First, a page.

Friday, April 20, 2018

Eye on Health: Alcohol Companies Are Funding Research To Convince You 'Moderate' Drinking Is Healthy


Research on the concept of “moderation” reveals that the more a person likes a food or drink, the bigger their definition of what a “moderate” serving is.

Times of Ahmad | News Watch | US Desk
Source/Credit: The Huffington Post
By Anna Almendrala | April 14, 20128

We don’t trust nutrition studies funded by soda companies. Why would we trust alcohol studies funded by the booze industry?

Officials at the government agency tasked with studying the health effects of alcohol aggressively courted alcohol executives to fund a $100 million clinical trial on “moderate drinking,” according to recently published investigations by The New York Times, Wired and Stat.

The executives complied, according to the Times, with the understanding that this research would probably conclude alcohol is safe and lowers the risk of disease.

Together, these reports paint a disturbing picture about the way alcohol companies are trying to influence scientific understanding, and thus public perception, of alcohol as a health tonic.

If you’ve ever seen headlines about how red wine is good for your heart, or how moderate alcohol use is linked to longer life, you’ve seen the alcohol industry’s influence on health science at work. And Americans seem to be swallowing that message. A 2015 Gallup poll found that 1 in 5 Americans believe “moderate” drinking is good for health, and that this was especially true among those who drink alcohol.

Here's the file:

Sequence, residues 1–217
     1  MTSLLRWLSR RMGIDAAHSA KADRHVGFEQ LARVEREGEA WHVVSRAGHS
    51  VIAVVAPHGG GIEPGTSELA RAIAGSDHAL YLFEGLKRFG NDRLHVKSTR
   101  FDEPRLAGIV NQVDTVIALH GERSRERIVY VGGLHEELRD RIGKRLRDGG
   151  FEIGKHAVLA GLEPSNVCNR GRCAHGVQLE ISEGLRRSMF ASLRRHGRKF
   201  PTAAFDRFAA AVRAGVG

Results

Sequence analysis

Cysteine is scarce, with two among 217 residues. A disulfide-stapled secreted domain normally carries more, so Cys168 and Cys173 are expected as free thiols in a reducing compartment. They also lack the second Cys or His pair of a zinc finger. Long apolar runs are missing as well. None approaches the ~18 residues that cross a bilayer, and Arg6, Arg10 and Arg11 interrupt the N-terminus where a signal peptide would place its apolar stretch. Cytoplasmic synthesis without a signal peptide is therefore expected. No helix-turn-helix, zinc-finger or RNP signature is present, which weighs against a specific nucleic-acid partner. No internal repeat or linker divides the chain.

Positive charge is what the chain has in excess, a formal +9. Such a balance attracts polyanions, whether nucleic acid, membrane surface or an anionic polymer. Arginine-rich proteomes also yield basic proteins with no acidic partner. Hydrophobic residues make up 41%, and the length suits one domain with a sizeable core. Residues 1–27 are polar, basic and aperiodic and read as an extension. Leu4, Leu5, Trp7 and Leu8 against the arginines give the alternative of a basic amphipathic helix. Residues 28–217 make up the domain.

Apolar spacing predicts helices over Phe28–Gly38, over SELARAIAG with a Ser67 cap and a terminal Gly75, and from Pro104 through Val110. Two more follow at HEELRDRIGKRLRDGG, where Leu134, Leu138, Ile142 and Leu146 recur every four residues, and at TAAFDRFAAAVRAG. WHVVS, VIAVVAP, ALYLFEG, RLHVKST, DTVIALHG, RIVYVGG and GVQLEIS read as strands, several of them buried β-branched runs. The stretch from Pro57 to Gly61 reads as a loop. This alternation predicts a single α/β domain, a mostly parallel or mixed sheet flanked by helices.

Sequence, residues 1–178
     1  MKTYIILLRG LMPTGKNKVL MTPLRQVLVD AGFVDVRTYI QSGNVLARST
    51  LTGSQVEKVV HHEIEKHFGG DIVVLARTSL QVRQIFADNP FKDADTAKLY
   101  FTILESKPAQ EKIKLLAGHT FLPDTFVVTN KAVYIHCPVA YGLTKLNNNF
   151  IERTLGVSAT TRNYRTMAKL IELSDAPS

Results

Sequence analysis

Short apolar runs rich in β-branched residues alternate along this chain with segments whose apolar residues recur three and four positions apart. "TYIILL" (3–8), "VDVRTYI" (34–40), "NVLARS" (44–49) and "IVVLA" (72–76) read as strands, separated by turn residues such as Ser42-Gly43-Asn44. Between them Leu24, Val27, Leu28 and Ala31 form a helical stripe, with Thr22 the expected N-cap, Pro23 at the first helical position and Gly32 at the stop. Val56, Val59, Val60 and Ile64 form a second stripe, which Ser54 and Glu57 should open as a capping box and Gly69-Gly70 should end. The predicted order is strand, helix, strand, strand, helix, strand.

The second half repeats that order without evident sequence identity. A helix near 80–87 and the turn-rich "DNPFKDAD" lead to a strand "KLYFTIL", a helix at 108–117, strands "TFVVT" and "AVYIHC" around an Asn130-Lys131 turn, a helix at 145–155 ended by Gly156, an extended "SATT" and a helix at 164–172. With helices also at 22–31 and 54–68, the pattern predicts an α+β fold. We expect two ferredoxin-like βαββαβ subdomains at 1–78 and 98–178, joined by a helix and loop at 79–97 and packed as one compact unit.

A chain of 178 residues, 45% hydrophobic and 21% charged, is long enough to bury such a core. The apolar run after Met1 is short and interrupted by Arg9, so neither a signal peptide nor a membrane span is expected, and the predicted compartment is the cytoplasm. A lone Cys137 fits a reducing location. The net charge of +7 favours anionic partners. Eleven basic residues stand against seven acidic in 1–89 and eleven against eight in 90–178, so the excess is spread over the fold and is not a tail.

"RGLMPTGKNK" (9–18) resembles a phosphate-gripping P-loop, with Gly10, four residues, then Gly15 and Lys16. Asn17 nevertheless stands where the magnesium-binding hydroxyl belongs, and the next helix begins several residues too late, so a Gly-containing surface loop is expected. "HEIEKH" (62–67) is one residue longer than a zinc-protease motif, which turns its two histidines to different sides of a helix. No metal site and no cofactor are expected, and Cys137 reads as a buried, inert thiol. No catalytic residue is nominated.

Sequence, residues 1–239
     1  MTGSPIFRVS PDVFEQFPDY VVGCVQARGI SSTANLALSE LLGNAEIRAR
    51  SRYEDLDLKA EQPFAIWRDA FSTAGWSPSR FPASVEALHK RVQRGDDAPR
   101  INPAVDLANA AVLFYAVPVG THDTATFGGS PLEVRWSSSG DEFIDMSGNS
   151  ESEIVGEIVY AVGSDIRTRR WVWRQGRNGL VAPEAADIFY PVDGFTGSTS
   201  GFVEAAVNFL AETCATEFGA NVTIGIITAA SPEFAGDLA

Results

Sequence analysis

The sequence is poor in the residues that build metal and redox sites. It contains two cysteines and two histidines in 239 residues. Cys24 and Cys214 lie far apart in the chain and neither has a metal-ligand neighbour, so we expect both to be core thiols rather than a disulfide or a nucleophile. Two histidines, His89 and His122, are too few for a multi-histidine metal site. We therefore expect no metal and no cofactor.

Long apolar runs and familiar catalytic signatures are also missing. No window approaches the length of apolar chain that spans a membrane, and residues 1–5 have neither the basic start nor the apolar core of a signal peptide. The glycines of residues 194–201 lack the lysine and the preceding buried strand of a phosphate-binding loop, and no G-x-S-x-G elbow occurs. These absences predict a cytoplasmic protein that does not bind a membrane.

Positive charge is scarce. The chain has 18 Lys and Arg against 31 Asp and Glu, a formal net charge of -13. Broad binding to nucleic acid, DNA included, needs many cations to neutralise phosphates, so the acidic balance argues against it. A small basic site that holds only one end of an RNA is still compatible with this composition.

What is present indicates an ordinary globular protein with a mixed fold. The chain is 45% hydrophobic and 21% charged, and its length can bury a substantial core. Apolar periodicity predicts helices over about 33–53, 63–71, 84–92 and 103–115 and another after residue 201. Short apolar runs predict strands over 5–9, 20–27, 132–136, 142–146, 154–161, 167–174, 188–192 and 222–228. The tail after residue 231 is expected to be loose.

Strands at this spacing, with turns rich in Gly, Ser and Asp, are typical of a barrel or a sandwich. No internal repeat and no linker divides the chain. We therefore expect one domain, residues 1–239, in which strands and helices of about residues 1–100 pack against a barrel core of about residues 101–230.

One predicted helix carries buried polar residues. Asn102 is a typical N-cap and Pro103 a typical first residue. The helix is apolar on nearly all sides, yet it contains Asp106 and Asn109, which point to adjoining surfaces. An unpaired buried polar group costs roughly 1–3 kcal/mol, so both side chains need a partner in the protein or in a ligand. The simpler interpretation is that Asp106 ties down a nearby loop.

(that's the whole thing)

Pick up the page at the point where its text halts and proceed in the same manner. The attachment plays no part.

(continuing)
This belief is a boon for the alcohol industry for at least two reasons: It links alcohol consumption to a healthy lifestyle that can improve heart health, and it relies on the concept of “moderation,” a squishy term that in practice ends up meaning whatever drinkers want it to mean.

Alcohol executives were allowed to help pick the scientists and preview the trial’s design, reports the Times, while Wired reported on how dependent the National Institutes of Health’s National Institute on Alcohol Abuse and Alcoholism (NIAAA) is on industry funding to complete the expensive, long-term study. Finally, Stat has a story about how scientists who published unflattering research about the alcohol industry were verbally abused by NIAAA officials and cut off from funding.

It’s kind of the whole reason we have an independent science sector ― to wall it off from conflicts of interest like this.
David Jernigan, Boston University School of Public Health.

Even though the scientists involved in these studies, all from prestigious universities, may insist that they have independence in their work, studies show that research funded by the food industry is four to eight times more likely to conclude something that financially benefits the sponsor. Industry-funded research also tends to suppress negative data. When pharmaceutical companies fund studies, the findings are less likely to be published than research funded by other sources.

“The obvious conflict of interest is that the funder of this research stands to benefit when the research comes out with findings that encourage more people to use its products,” said David Jernigan, a professor at the Department of Health Law, Policy and Management at the Boston University School of Public Health. “It’s kind of the whole reason we have an independent science sector ― to wall it off from conflicts of interest like this.”

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